Hong Kong woman wants her ex out of B.C. home. The problem? His name is on the title

File photo.
File photo. THE CANADIAN PRESS/Jonathan Hayward

A Hong Kong woman who says she bought a house in Richmond, B.C. and put it in her boyfriend’s name to dodge B.C.’s 15 per cent foreign buyers’ tax, is suing the now ex-boyfriend to get the house back.

The woman says she’s living a relationship nightmare trying to move her ex-boyfriend out of the home she claims she paid for, documents filed in B.C. Supreme Court claim.

The only problem: his name is on the land title and the mortgage.

WATCH: Coverage of foreign buyers taxes on

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Jennie Wu and Johnny Chu began dating in the fall of 2016. Chu, a flight attendant, met Wu in the business section of a flight between Hong Kong and Vancouver.

Wu, a Hong Kong businesswoman, claimed she frequently travels to Vancouver for work and wanted to own a home in the region so that she had a place to live while in town.

READ MORE: Class-action lawsuit launched against B.C. foreign home buyers’ tax

But Wu, who lives in Hong Kong, didn’t want to pay B.C.’s 15 per cent foreign buyers tax, court documents said.

Chu is from Richmond, and Wu claims he helped her buy a home in the city by putting the land title and mortgage under his name.

Online real estate listings described a property at the same address as a two-storey home with a triple garage, five bathrooms and four bedrooms.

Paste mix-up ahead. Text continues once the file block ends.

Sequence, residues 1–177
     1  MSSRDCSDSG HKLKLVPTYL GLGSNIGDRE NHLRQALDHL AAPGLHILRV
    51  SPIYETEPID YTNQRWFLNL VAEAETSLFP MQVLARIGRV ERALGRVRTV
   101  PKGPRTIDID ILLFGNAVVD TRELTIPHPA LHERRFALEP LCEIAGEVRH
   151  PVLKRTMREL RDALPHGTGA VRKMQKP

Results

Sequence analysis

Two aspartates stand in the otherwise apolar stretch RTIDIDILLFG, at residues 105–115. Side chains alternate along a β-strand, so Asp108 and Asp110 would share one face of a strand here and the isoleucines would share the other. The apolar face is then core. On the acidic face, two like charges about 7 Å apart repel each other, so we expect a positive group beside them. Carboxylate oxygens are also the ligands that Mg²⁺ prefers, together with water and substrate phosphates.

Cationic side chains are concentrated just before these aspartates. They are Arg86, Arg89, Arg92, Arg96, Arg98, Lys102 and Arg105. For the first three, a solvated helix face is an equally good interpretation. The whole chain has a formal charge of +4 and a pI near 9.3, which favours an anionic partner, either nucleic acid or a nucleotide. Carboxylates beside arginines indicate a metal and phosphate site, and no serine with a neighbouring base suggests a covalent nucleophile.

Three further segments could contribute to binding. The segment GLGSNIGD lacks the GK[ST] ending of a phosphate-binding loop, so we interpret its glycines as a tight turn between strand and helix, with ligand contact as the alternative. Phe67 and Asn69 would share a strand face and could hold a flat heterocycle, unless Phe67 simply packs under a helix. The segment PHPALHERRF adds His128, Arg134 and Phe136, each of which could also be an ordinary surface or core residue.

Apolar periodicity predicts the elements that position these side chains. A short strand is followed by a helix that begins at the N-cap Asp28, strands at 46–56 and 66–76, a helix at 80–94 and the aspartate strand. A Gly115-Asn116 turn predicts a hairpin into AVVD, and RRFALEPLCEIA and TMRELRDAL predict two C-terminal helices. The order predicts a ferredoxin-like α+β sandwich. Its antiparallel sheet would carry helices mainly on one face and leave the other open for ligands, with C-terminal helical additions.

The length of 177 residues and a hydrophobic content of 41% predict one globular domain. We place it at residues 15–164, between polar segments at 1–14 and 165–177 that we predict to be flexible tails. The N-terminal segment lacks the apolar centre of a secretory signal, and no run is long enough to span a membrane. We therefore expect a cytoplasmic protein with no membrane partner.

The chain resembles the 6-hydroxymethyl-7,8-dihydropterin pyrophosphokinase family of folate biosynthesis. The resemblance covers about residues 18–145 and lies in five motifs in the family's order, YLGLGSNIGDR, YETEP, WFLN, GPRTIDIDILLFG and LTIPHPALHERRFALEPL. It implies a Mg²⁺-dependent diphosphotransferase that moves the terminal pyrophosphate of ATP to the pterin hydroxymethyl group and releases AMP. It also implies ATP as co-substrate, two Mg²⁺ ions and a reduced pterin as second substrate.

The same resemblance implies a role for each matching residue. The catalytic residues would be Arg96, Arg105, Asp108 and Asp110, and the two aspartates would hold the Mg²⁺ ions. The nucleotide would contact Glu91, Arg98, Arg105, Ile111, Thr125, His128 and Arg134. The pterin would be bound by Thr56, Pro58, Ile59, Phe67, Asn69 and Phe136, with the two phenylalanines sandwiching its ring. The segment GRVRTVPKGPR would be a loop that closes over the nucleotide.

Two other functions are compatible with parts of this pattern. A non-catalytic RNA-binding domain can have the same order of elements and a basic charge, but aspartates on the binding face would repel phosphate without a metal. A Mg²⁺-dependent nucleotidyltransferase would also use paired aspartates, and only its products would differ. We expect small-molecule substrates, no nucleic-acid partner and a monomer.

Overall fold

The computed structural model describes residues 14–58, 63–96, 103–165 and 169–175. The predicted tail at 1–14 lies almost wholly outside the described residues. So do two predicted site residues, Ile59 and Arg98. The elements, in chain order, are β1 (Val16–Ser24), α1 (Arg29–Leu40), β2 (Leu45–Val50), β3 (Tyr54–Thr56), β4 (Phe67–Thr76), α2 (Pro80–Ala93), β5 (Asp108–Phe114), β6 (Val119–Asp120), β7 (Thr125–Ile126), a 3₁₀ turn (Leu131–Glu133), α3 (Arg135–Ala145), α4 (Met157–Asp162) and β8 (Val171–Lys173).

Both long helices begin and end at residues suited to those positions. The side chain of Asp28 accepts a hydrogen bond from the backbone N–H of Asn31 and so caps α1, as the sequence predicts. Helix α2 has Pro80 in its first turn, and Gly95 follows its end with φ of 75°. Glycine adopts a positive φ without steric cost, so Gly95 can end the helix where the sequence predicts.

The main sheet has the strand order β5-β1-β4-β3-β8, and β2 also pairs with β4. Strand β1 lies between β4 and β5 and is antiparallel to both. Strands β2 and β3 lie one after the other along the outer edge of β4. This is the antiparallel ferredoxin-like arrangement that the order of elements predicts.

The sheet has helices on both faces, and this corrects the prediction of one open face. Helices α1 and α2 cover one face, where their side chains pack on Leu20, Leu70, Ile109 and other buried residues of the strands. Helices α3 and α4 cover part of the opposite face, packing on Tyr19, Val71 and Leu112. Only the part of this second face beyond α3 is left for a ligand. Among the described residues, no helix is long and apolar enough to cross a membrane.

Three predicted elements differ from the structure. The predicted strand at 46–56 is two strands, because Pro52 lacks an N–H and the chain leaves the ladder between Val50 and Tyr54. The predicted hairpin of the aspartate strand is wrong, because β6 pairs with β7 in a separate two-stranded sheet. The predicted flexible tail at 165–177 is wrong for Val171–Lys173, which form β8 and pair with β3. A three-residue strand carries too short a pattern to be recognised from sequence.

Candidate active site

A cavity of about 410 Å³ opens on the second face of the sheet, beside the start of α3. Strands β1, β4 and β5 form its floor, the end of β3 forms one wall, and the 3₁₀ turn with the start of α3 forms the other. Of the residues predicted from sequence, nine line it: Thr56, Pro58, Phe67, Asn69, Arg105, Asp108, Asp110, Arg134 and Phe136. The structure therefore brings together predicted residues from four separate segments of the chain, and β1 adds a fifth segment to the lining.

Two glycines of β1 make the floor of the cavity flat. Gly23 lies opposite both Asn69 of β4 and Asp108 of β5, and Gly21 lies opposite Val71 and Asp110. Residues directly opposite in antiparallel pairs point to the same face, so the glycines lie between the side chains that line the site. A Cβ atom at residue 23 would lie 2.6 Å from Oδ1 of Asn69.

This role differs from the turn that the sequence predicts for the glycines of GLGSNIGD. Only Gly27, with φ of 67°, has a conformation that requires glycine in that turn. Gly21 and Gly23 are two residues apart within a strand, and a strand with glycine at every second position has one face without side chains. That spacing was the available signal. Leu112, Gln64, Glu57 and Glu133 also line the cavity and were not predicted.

READ MORE: Some foreign buyers get break from Vancouver tax

But Wu claimed that, despite never being named in the paperwork, she paid for the home and all associated costs — including this year’s property taxes — with her own cash.

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According to Wu’s suit, Chu has lived in the home since she allegedly bought it.

The hitch? The couple broke up in August, and Wu claimed Chu is still living in the home and refuses to leave or transfer the property back to her, court documents said.

Despite the dispute, Wu claims she still stays in the house while visiting Canada, though the pair does not sleep together, but in separate beds.

Wu is suing Chu in BC Supreme Court and wants exclusive possession of the home and compensation for unlawful occupation of the property.

None of the allegations have been proven in court.

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